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Robinhood’s latest hot product is far removed from its Wild West ways

Mar 10, 2023

Robinhood turned heads this week when it said one of its most popular offerings is now a plain-vanilla cash-sweep service that puts deposits into bank accounts insured by the Federal Deposit Insurance Corp.

The service, available to gold members who pay $5 per month, debuted last September and currently pays 4.65% on deposits.

Don't worry. There's still plenty of opportunities for financial thrill seekers among Robinhood's customer base. CEO Vlad Tenev told investors on the company's earnings call Wednesday that the brokerage plans to debut futures trading around the end of the year, pending regulatory approval.

Robinhood also announced this week the ability to trade about 40 stocks and ETFs overnight five days a week. After-hours trading often involves thinner trading and greater volatility. Apple, Amazon and Tesla are among the stocks that Robinhood customers can trade overnight, but over time the company plans to add more stocks to that list. Overnight trading, which starts to roll out next week, will allow customers to trade from 5 p.m. Pacific time Sunday to 5 p.m. Pacific time Friday.

For customers of the cash sweep, Robinhood's deposits are swept into a collection of banks so that they are FDIC-insured for up to $1.5 million, moving up to $2 million on June 1. Banks participating in Robinhood's cash sweep program include Wells Fargo, U.S. Bank, Citibank and Goldman Sachs, with Truist Bank joining next week, according to Robinhood's mobile app Thursday.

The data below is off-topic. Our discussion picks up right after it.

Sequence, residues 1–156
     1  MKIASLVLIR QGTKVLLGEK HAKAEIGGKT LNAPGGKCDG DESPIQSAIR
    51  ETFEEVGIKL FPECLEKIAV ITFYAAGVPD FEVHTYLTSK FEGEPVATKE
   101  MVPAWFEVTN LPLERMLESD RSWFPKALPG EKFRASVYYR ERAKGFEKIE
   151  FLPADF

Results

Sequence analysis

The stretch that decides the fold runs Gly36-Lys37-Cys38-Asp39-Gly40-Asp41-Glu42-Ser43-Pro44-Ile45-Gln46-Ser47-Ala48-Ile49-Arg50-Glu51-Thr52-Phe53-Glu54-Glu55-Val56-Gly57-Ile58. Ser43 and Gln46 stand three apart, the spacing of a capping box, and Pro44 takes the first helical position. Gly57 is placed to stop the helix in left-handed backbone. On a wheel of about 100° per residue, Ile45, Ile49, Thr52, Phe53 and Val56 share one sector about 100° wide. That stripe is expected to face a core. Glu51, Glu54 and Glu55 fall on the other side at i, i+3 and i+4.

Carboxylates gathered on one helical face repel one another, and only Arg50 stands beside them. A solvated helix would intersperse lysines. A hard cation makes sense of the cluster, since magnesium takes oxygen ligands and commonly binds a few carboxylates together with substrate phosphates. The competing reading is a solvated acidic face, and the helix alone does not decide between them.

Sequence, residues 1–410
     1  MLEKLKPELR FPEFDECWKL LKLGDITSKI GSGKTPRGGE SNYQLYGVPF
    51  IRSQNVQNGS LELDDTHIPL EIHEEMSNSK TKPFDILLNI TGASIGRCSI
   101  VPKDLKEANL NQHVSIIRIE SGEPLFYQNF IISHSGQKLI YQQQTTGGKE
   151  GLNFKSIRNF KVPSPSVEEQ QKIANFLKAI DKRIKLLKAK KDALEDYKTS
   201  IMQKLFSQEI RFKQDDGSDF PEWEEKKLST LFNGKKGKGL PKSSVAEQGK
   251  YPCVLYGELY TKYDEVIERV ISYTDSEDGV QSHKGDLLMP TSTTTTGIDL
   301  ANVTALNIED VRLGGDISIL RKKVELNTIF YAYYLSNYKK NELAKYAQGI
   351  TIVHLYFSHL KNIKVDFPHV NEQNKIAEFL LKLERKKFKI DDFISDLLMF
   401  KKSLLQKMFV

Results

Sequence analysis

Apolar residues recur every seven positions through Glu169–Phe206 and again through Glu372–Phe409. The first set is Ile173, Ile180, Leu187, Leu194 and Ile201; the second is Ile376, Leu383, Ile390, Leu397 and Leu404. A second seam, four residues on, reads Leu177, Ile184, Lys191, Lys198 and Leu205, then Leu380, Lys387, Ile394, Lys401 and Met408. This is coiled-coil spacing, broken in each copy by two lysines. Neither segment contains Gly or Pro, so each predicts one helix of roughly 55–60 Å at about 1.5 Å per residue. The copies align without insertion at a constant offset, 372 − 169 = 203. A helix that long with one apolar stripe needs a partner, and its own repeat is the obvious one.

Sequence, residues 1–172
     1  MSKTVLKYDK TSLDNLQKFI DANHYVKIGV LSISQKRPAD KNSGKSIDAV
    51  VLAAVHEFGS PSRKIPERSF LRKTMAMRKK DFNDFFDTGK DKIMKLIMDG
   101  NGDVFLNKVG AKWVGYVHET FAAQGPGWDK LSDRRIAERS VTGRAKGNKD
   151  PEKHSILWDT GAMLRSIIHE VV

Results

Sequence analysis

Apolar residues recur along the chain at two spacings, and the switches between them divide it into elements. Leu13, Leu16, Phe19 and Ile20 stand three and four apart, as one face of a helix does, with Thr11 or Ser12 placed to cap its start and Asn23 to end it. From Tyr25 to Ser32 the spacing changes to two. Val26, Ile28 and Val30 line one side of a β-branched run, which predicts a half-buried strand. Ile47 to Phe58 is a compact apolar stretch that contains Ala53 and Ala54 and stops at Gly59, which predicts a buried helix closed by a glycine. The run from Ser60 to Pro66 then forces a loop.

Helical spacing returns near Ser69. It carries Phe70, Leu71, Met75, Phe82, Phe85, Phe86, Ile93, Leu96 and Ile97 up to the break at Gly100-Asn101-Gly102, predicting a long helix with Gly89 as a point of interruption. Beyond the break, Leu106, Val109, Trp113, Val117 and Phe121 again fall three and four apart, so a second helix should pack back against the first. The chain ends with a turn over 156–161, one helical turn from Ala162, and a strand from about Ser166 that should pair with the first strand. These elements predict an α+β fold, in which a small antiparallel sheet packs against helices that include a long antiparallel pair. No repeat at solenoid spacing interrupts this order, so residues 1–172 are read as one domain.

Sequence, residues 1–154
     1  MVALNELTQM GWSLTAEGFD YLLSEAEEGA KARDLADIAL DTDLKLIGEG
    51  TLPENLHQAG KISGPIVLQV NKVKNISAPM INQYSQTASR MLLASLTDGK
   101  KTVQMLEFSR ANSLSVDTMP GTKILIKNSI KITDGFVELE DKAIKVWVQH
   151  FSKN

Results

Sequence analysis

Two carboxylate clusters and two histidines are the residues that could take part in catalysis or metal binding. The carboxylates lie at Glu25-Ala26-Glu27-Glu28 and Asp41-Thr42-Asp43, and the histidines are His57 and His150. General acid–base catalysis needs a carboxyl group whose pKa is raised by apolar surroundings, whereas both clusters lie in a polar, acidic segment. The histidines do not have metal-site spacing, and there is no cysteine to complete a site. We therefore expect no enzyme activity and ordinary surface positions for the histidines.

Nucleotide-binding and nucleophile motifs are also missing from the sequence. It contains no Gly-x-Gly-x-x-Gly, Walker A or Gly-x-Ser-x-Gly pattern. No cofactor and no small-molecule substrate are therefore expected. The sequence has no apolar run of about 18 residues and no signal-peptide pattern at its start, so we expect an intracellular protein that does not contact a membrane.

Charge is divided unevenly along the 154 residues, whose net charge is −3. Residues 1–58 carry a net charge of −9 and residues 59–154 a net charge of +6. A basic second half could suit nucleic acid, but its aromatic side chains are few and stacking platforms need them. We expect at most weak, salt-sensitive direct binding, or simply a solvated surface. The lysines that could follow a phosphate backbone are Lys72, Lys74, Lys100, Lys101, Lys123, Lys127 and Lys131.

Robinhood saw net deposits climb $1.5 billion in March and $4.4 billion for the entire first quarter, which was a tumultuous period, given the March 10 collapse of Silicon Valley Bank. Robinhood received another $1.4 billion in net deposits in April, a month that often sees customers pulling cash out to pay taxes.

The first-quarter growth in net deposits reflects a 29% annualized growth rate. Gold cash sweep balances were up 67% from the previous quarter, reaching $8 billion.

Robinhood's first-quarter results, released Wednesday, showed a $511 million net loss, or 57 cents per share, compared to a net loss of $392 million, or 45 cents per share, in last year's first quarter. This year's first quarter included a $485 million one-time expense tied to canceling stock options for the company co-founders in 2021. That move helped cut quarterly operating costs by up to $50 million, starting in the current quarter, and reduced diluted share count by 35.5 million shares in February 2023.

Revenue in the first quarter reached $441 million, up from $299 million in revenue in the same quarter a year ago.

Robinhood shares rose 58 cents, or about 6%, to close at $9.65 Thursday.

It caps a challenging year for the financial services upstart, one which saw the layoff of more than 1,000 employees last year as Robinhood struggled to adapt to the chillier investment and interest-rate climate. Still, its leadership took a victory lap on the earnings call.

"Since we launched over eight years ago, Robinhood has introduced several innovations that have become industry standard today," Tenev said, pointing to zero-commission stock trading, mobile trading, easy digital onboarding, no account minimums and fractional shares. "With these innovations, we’ve disrupted the U.S. brokerage market and grown our business."

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